The Fire Brigades Union (FBU) has called on the government to protect firefighters following research that found they are being exposed to dangerous levels of toxic chemicals.

Commenting on the story, Helen Tomlin, of Thompsons Solicitors, said:

“Thompsons Solicitors supports the FBU’s call for greater protection for firefighters. These brave men and women risk their lives on a daily basis.

“It’s a disgrace that courageous professionals are at risk of cancer because the government is ignoring scientific evidence. We echo the FBU’s calls for better protective equipment, preventative medical care, education and support.

“Now that the UK's senior fire officers appear to have acknowledged the high rate of cancer, action needs to be taken immediately to keep our firefighters safe.”

The risks of exposure to hazardous substances from contaminated work clothes came to light when a growing number of firefighters developed diseases including cancers and asbestos related injuries.

Helen said: “In my work as an asbestos specialist, I am used to seeing claims on behalf of people with serious health complications in later life as a result of exposure to asbestos dust at home from overalls and work clothes. Fire service personnel clearly face a similar risk if the kit they use for training, and equipment worn when responding to an emergency, is handled incorrectly afterwards.”

Cancer deaths amongst firefighters have been growing steadily since the 1970s. It’s well known that firefighters are exposed to dangerous chemicals, such as carcinogens, cancerous gases and dust on a routine basis as they respond to incidents, but the hidden risk of toxins unknowingly contaminating people’s skin and clothes after the job is done has been talked about less.

According to FBU-commissioned research by Professor Anna Stec at the University of Central Lancashire, firefighters are at a greater risk of developing occupational cancer, not just through breathing toxic fumes but also as a result of absorbing dangerous chemicals through their skin when wearing and handling contaminated clothing and equipment. The project, which was funded by the Firefighters 100 Lottery, aims to identify potentially harmful components within fire effluents and to evaluate decontamination methods and different potential exposure routes, with a view to developing a best practice guidance document.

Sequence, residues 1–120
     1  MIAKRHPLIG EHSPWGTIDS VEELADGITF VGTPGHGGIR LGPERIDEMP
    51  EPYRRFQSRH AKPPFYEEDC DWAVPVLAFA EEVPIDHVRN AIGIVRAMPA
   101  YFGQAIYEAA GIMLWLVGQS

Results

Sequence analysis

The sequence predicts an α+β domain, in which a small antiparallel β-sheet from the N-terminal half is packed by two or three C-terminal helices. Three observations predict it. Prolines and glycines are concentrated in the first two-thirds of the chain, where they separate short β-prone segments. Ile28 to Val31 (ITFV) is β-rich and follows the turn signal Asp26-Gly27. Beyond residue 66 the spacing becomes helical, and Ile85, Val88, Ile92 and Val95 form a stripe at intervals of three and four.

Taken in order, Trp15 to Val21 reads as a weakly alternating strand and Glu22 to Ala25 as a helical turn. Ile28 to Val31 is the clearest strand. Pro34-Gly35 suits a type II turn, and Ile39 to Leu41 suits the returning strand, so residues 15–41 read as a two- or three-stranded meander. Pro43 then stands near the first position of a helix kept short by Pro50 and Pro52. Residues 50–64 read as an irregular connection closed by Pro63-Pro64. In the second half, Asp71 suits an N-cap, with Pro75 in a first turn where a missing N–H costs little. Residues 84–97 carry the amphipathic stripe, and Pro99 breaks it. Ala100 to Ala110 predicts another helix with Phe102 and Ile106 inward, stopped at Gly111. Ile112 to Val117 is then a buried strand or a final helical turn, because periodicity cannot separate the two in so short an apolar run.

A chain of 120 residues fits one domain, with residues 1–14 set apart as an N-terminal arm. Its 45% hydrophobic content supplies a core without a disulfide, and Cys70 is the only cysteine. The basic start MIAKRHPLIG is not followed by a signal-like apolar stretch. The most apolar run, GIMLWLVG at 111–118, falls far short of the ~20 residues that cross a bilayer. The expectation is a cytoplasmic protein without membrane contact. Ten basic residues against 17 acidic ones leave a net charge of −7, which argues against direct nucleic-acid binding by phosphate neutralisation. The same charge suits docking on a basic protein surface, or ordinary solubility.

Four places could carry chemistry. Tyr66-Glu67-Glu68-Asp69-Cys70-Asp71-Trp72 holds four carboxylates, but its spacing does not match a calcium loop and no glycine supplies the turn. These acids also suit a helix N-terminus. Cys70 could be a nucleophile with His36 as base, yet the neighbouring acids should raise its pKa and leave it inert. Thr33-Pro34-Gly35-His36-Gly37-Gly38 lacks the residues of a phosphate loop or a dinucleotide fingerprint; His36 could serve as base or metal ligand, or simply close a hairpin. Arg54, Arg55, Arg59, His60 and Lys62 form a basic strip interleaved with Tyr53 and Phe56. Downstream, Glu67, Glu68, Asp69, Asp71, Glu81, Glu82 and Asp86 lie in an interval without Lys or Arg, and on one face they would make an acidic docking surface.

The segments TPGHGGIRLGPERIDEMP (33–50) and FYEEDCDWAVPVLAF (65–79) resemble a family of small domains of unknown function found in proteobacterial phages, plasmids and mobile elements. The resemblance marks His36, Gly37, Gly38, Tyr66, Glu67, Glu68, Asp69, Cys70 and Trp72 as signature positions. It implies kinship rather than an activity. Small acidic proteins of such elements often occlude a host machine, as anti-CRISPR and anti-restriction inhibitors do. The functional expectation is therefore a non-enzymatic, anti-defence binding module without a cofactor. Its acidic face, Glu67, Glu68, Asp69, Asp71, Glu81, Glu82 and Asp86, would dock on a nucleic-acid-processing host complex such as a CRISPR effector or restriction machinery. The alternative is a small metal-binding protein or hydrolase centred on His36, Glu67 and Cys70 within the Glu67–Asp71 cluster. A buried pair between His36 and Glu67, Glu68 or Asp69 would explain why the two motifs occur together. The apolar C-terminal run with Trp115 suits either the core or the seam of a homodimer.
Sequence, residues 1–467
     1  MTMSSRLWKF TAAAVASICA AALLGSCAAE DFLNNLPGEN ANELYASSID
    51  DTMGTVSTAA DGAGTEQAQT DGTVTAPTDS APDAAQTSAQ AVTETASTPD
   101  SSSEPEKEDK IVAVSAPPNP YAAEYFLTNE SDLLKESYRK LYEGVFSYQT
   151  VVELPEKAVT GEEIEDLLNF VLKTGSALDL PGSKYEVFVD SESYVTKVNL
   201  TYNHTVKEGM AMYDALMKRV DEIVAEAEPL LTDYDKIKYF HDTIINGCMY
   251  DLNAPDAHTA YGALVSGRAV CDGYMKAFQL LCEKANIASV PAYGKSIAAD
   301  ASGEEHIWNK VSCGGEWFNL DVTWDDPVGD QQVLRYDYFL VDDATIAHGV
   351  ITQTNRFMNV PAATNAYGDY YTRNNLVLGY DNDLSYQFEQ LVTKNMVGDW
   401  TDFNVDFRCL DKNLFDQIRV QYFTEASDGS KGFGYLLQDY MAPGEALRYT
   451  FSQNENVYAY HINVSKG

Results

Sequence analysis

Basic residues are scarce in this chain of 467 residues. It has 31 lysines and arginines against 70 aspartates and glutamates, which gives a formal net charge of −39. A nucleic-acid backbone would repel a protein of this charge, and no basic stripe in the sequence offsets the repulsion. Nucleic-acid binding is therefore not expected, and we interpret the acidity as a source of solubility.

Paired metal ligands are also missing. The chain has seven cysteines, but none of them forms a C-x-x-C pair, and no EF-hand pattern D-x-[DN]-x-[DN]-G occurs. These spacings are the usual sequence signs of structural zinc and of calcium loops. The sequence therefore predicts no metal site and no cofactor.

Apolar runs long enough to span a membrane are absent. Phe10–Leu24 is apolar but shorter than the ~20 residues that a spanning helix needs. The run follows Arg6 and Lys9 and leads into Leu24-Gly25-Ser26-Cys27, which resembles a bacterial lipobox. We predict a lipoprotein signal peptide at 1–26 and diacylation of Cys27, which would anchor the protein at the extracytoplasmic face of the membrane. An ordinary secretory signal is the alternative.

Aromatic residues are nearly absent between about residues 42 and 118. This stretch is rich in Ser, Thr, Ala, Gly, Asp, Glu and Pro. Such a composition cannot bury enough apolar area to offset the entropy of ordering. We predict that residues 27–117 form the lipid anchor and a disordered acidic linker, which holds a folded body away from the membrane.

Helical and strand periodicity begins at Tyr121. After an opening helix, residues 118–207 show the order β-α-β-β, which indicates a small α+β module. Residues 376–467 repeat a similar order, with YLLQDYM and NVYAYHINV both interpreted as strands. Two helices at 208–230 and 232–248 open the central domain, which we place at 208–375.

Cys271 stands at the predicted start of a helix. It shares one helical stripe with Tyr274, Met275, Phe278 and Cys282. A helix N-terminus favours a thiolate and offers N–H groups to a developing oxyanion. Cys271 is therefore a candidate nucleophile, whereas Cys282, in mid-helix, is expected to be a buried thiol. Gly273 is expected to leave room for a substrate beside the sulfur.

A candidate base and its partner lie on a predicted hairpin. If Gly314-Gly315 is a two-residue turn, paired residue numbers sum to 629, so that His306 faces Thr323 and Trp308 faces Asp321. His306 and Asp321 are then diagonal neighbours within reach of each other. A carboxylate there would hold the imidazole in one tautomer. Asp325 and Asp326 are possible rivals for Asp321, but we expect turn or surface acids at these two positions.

Skin can absorb dangerous chemicals if uniforms and equipment aren’t cleaned properly, and regularly, after use. Firefighters are not only at risk of occupational cancer but long-term exposure to harmful substances and dangerous chemicals during the course of their duties can also cause a number of respiratory problems.

How can firefighters reduce their risk of developing occupational cancer?

To reduce the risk of developing occupational cancer, firefighters should:

  • Ensure their uniform and kit are thoroughly, and safely, cleaned on a regular basis
  • Remove their contaminated uniform as soon as possible after completing a call
  • Store their uniform in a dedicated place away from other people to prevent further contamination
  • Wash and decontaminate their body as soon as possible after each fire to avoid further exposure
  • Clean their necks, faces and arms at the end of their shift to limit the chances of bringing harmful substances into the home.

 

How can Thompsons Solicitors help?

We will be campaigning alongside the FBU to ensure that, as in the USA, exposure to toxic gases and their long-term effects on the health of firefighters are officially monitored in the UK.

Thompsons Solicitors has also launched the Under The COSHH campaign to help raise awareness of the dangers facing workers in all sectors and provide workers and trade unionists with the tools and information they need to stay safe while at work.

For more information about the work we are doing, visit our Under the COSHH campaign page.

"Now that the UK's senior fire officers appear to have acknowledged the high rate of cancer, action needs to be taken immediately to keep our firefighters safe."

Helen Tomlin
of Thompsons Solicitors